The Eye in Diabetes

Q. I have diabetes; why does my family doctor advise me to have my eyes checked at least once a year? How can diabetes affect my eyes?

A. Diabetes can have both temporary as well as permanent effects on the eyes. If the level of your blood sugars fluctuates significantly, sugar actually enters into the eye’s natural crystalline lenses and affects focusing. Your eyes will focus differently with very high blood sugar as opposed to a low one and this fluctuating vision will vary with the level of your sugars.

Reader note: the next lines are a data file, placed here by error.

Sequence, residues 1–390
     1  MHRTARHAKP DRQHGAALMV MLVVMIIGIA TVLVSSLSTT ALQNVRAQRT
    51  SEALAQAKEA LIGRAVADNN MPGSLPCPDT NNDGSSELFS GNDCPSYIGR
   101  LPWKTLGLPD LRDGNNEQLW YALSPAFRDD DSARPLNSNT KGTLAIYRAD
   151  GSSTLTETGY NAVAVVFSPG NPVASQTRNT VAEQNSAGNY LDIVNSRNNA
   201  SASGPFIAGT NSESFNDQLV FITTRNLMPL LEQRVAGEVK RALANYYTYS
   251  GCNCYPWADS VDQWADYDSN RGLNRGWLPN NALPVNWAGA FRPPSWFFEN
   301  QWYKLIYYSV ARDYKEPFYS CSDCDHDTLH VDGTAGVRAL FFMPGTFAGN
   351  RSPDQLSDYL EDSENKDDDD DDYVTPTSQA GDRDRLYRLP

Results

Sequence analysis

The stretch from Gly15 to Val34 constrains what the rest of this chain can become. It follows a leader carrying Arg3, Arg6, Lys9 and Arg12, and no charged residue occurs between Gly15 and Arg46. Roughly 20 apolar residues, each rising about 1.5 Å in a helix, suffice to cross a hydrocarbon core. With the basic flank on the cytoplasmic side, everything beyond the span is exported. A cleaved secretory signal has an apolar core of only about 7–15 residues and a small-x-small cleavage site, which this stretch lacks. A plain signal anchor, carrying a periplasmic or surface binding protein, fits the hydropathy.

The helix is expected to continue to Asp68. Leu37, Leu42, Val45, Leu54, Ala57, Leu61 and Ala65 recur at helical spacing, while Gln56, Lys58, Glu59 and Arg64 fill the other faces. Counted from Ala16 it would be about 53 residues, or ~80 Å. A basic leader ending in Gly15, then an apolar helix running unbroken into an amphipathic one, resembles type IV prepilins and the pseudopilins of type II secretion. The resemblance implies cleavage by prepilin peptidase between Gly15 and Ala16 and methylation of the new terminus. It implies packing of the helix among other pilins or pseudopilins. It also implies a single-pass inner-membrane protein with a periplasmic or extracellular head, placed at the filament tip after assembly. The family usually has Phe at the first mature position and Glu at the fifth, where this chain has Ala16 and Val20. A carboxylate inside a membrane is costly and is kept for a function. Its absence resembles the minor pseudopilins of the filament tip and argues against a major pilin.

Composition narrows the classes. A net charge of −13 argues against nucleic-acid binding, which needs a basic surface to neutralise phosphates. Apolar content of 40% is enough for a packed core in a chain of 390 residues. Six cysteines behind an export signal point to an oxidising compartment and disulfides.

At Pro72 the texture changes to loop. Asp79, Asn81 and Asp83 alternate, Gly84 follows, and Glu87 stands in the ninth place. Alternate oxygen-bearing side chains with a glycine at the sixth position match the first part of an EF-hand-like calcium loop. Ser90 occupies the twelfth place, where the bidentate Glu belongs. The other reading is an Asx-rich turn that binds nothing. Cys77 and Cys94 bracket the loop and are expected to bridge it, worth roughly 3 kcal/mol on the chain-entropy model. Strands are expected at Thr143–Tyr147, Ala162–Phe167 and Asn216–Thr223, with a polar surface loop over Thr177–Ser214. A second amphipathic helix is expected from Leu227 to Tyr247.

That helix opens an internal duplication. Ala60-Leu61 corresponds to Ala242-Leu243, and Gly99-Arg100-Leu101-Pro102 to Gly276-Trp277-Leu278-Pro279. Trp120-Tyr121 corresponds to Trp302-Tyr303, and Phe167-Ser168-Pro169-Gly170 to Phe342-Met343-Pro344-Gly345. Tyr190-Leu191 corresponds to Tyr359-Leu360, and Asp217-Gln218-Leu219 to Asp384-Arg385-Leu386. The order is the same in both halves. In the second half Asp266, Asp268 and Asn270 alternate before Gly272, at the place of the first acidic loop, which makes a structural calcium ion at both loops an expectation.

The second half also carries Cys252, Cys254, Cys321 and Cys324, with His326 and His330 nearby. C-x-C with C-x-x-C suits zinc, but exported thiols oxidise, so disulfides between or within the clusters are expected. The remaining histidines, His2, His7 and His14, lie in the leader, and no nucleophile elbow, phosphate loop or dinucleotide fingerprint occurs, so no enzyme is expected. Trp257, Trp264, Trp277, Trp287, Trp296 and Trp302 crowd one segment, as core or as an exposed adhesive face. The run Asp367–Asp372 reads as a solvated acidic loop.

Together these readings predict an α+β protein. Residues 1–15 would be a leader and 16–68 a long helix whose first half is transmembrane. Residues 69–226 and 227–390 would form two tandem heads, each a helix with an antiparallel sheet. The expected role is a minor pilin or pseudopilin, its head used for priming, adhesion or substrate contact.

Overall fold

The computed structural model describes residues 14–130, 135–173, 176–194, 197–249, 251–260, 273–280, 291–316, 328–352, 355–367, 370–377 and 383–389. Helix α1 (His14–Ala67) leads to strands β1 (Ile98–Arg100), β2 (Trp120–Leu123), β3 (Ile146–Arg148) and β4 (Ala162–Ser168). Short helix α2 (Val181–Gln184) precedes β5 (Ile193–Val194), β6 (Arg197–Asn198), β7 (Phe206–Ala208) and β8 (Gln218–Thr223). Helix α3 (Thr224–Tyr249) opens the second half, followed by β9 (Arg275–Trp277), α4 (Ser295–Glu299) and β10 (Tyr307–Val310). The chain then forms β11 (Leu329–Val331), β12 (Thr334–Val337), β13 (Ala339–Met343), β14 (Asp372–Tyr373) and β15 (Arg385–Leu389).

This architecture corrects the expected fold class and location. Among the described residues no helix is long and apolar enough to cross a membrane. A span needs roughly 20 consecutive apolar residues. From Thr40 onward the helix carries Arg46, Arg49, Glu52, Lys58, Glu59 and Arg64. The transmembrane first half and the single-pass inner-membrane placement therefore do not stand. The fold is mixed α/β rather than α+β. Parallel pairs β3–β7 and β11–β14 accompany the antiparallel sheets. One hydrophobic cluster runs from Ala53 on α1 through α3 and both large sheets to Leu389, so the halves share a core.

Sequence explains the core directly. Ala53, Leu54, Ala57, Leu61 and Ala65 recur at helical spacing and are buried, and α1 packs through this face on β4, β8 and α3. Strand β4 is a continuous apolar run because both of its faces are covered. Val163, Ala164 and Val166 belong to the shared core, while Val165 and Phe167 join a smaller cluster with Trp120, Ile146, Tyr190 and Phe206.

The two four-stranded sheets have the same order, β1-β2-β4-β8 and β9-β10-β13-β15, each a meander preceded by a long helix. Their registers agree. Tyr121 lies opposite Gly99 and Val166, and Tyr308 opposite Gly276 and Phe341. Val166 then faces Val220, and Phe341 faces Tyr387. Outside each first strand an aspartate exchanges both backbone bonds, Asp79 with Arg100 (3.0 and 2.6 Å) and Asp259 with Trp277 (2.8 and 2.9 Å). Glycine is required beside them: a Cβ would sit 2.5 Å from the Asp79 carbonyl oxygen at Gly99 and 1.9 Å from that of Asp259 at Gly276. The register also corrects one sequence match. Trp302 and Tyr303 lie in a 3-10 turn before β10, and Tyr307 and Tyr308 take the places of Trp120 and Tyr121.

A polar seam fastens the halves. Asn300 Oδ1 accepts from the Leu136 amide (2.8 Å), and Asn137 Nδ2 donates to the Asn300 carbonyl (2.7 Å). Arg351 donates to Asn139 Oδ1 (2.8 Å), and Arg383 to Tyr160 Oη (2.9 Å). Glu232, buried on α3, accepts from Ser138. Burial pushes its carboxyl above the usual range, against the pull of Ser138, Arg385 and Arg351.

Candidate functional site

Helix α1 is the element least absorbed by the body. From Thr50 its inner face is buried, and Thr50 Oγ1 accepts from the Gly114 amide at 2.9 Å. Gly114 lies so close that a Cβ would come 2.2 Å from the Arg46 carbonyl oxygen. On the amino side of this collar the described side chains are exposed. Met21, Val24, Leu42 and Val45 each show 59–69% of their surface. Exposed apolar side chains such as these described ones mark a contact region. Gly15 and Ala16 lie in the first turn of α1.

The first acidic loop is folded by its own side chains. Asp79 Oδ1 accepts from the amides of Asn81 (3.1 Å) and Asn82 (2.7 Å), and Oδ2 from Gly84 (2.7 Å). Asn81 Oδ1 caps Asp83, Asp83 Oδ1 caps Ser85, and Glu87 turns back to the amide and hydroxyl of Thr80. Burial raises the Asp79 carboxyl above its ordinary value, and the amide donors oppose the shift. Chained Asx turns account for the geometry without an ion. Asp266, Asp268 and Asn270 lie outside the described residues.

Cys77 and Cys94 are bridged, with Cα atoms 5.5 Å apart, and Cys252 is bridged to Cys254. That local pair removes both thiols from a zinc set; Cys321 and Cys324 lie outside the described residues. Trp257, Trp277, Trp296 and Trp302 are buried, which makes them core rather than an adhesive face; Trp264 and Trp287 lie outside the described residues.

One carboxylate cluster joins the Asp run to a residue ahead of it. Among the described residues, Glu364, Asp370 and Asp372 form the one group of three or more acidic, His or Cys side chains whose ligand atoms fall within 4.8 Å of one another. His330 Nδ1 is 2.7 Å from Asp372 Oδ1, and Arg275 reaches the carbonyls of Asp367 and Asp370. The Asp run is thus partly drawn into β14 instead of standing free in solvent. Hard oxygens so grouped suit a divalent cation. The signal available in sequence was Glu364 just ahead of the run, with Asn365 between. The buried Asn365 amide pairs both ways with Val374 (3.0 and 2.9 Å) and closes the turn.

More importantly, diabetes can have more significant long-lasting effects on the eye. Individuals with diabetes are more prone to develop cataracts probably because of these blood sugar fluctuations. Once diagnosed, cataracts can be extremely successfully treated and vision can be restored so well with the newest generation of specialized implants that you might have excellent vision afterward without the burden of glasses! Once the cataracts are removed, fluctuating blood sugars will not affect the focusing of your eyes. The other significant effect of diabetes is diabetic retinopathy. This condition shows up early as dilated retinal blood vessels (microaneurysms) and if left untreated can expand, break, cause retinal hemorrhages and ultimately loss of vision that is difficult to restore. If, however, these are diagnosed early through a yearly exam with an ophthalmologist, these small vessels can be treated and sealed off with laser treatments, thus helping to prevent future loss of vision.